Faculty have been highly attentive to diversity on campus throughout the summer as well; the faculty retreat focused entirely on improving diversity both in terms of increasing numbers of international students and domestic students of color and on integrating diverse groups better once students arrive at Furman.
Chair of the Faculty and professor of political science Kate Kaup is concerned about international enrollment in the class of 2020 for multiple reasons.
“I’m concerned both in terms of process and outcome,” Kaup said. “The faculty did not know about this until late April or May. I think we should have known about it earlier because we have an opinion that we would have wanted to convey to the administration.”
Kaup further noted that international students augment a well-rounded learning environment, and that such an asset should come with financial support from the university.
“I think our discussions are enriched when we have multiple viewpoints. I also think that we’re going to need to support our international students financially,” Kaup said.
Kaup hopes that the administration and faculty can work more efficiently together on issues of student enrollment and academics.
“In terms of allocation of our resources, that is a decision that the vice president of enrollment makes. It’s not a decision the faculty makes. However we are in charge of delivering the best and most vibrant education that we can,” Kaup said. “That’s what we’re in charge of and a lot of that depends on the type of student we have in the classroom.”
A third meeting concerning the international freshmen population occurred between international students and administrators Wed., Sept. 7.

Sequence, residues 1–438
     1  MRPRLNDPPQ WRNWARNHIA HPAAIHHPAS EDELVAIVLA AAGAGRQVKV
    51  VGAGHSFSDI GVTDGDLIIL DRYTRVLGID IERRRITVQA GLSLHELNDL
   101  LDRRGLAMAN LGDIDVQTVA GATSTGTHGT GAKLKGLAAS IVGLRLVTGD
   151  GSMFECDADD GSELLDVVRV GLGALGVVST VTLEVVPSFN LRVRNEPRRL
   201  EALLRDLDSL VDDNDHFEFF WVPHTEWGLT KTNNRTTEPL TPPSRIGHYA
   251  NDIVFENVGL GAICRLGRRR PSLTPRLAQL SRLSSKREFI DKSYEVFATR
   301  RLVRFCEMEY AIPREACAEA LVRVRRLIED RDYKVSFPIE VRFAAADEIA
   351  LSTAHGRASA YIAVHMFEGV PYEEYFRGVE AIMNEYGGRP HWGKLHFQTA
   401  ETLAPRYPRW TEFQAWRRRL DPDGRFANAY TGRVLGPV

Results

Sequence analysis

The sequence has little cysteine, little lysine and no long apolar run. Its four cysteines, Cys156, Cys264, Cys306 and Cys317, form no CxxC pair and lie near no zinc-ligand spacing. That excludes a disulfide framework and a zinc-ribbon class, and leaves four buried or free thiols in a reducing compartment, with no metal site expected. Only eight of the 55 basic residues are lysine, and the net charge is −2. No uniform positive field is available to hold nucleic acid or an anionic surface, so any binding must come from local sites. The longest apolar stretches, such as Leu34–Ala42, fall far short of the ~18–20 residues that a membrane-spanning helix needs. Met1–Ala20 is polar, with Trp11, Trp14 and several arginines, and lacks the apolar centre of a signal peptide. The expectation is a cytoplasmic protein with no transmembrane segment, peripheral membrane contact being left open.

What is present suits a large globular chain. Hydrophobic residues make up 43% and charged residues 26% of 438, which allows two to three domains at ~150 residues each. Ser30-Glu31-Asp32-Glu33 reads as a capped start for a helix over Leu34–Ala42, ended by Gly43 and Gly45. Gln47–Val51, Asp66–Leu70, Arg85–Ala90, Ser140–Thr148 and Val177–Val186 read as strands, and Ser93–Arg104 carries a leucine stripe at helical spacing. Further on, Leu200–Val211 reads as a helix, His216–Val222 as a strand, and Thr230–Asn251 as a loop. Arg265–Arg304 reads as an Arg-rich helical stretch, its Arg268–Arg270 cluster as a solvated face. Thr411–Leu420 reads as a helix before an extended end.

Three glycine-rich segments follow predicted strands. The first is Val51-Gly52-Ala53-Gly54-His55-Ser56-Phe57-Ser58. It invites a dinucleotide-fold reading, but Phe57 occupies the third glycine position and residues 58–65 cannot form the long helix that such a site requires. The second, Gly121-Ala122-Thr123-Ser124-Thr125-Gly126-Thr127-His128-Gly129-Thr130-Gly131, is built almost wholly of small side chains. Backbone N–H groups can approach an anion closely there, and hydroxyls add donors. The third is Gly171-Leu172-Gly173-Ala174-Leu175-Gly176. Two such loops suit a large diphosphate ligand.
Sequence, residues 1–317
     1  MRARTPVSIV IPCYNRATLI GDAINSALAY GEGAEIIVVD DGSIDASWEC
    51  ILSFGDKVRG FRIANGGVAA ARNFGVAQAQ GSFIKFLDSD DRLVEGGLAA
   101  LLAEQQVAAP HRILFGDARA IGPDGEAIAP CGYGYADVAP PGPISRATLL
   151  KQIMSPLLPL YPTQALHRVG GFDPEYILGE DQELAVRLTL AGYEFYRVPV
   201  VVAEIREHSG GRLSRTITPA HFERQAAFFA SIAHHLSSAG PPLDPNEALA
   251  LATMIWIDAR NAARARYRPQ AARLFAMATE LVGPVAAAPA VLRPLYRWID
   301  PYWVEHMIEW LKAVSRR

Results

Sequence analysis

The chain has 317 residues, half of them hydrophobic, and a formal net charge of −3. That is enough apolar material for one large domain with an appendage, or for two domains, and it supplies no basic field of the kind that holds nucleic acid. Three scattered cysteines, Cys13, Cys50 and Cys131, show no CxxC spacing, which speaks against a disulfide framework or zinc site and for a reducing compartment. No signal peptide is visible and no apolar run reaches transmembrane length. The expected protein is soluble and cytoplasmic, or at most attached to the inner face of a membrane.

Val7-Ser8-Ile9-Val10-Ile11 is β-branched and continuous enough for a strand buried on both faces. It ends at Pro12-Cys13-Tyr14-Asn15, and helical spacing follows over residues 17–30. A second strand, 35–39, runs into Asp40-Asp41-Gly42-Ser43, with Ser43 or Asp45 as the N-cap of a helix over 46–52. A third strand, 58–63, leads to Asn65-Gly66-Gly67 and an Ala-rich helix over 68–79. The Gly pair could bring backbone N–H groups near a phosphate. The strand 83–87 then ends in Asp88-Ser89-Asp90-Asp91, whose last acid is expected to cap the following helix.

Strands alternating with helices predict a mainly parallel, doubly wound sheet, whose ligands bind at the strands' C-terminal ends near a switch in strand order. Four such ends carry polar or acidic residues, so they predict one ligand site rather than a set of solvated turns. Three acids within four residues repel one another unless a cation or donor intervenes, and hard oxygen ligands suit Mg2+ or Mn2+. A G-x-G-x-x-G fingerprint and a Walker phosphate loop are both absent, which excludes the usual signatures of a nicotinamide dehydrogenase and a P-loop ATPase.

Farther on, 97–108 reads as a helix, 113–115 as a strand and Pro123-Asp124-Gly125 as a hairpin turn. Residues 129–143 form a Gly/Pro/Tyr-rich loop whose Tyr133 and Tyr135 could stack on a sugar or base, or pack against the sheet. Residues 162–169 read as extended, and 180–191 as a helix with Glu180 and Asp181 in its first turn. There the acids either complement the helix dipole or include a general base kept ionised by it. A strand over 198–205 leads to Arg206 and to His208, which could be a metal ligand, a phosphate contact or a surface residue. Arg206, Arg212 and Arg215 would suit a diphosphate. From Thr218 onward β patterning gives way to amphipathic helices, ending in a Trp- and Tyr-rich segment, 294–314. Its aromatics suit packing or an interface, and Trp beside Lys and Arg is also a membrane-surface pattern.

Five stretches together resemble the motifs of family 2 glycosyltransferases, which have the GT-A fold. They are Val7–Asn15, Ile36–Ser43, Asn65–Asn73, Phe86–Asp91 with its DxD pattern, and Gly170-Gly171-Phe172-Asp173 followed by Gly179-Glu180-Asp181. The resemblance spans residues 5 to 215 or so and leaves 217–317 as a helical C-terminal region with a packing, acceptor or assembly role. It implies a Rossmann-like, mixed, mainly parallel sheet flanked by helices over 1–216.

Approximately 50 international students met with Hendricks, Peterson, Chan as well as administrators from international education and student life. The meeting was organized by the Office of Academic Affairs and the Office of Student Life.
Overall, Daniel Zhang, a senior political science major from Shanghai, China hoped to hear about concrete changes to current policy in the Sept. 7 town hall meeting.
“I’m not saying we should see anything substantial right now, but we know that we only have 10 students this year. How many are we recruiting next year?” Zhang said. “One of the dilemmas is if you don’t have international students it’s even harder to recruit international students, right? I think that’s the problem they need to solve starting from this point.”
Furman University International Student Association (FUISA) President Jai-Ryung Lee expressed her concern via email:
“This sudden and drastic decrease in the number of international students matriculated should signal to the university and the administration that the university’s efforts towards diversity have been lacking,” Lee said. “I as an international student hope that the administrators continue a dialogue with the international students to make sure diversity and inclusion is still a top priority of the university.”
Both Lee and Zhang are pleased that there was a meeting between administrators and international students and hope the dialogue continues.
“One positive about the meeting: they admit it was a mistake, which I really appreciate. The VP said he messed up. I appreciate him saying that because at least we know that they think it’s an issue now. Because before that we were under the impression that they don’t care,” Zhang said.
An official international student recruiting plan has not been released by the Office of Enrollment, though Hendricks and Chan expect about 30 international students to join Furman in the next freshman class due to increased “face time” with prospective students.
According to Hendricks, international recruitment efforts also have to work with efforts to support diversity and inclusion once students arrive at Furman.
“The one thing about the discount rate and enrollment management—we’re one piece of the whole university plan. So academic affairs, student life and enrollment management work together. Dr. Peterson calls it a stool with three legs, if you build one piece first then the whole thing falls over. I’ll take the lead from where the school wants to go — we want to be more diverse,” Hendricks said.